After-school soccer programs look like a win for increasing physical activity among overweight youth in low-income neighborhoods, according to a new University of California, Berkeley School of Public Health study.
Researchers looked at the impact that long-running after-school soccer and literacy program, America SCORES, has on physical activity, weight, and cardiovascular fitness among diverse elementary school students in low-income neighborhoods of San Francisco. The program is voluntary, with two hours of soccer offered two to three days a week after school.
Over the course of the school year, researchers found that the program increased moderate-to-vigorous physical activity by an average of 3.4 minutes per weekday and 18.5 minutes on Saturdays among students with a body mass index at or above the 85th percentile, when compared with students at control schools who did not have the SCORES program. The program did not significantly increase physical activity among children who were not overweight or obese.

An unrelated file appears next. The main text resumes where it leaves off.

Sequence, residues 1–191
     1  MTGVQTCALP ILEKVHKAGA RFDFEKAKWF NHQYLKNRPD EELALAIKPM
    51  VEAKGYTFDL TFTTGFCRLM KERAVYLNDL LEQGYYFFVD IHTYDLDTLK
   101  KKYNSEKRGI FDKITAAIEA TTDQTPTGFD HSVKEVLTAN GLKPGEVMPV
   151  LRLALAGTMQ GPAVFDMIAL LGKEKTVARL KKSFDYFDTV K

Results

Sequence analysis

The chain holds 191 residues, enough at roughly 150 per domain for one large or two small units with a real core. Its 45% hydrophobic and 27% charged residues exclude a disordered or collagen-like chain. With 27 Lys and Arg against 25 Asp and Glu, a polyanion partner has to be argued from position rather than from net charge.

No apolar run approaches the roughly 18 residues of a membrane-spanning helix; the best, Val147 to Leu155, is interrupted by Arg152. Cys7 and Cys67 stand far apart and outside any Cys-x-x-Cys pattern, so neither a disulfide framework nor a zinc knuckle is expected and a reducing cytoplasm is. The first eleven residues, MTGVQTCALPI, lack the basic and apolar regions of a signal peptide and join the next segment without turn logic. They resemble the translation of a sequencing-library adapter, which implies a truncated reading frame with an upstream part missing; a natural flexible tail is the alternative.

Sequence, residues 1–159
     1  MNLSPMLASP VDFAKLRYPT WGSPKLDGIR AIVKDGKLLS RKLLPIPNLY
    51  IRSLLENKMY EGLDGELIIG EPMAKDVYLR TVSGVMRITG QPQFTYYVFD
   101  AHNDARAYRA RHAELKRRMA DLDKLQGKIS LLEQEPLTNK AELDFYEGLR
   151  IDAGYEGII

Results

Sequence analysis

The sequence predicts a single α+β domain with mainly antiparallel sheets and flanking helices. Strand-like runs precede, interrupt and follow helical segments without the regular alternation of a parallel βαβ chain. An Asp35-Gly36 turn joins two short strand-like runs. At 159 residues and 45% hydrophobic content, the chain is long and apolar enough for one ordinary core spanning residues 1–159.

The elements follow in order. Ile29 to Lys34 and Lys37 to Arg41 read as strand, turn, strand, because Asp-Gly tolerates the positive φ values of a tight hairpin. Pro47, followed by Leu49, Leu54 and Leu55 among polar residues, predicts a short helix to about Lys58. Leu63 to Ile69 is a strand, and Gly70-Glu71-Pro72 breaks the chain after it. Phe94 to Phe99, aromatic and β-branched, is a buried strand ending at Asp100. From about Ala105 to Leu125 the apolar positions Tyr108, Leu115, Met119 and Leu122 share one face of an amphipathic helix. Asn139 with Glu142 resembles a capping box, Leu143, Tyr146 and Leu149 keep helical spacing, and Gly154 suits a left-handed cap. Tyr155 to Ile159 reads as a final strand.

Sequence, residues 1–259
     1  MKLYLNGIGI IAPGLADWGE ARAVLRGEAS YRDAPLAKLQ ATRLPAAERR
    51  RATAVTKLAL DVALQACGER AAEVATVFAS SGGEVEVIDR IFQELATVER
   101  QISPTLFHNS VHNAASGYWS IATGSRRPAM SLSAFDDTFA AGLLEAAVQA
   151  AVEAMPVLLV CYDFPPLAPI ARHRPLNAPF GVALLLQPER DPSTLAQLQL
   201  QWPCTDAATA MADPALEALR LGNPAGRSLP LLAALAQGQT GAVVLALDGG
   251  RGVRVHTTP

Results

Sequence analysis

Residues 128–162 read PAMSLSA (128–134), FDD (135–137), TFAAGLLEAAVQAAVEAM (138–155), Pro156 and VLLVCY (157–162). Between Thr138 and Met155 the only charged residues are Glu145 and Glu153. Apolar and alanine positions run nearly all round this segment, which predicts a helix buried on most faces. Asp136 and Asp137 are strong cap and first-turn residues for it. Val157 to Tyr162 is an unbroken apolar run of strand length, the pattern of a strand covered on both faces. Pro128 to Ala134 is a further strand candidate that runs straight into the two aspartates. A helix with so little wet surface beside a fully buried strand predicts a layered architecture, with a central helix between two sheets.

“We were excited that we saw an impact in the overweight kids because these are the kids at greatest health risk and often those least likely to respond to these kinds of programs,” says Dr. Kristine Madsen, a pediatrician and assistant professor at the UC Berkeley School of Public Health. “There is so often a ceiling on how much kids exercise and it is really hard to move that number,” she adds.
The study was published online in the Journal of the American Medical Association Pediatrics on February 25.
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[Photo: Students in the SCORE after-school program play soccer]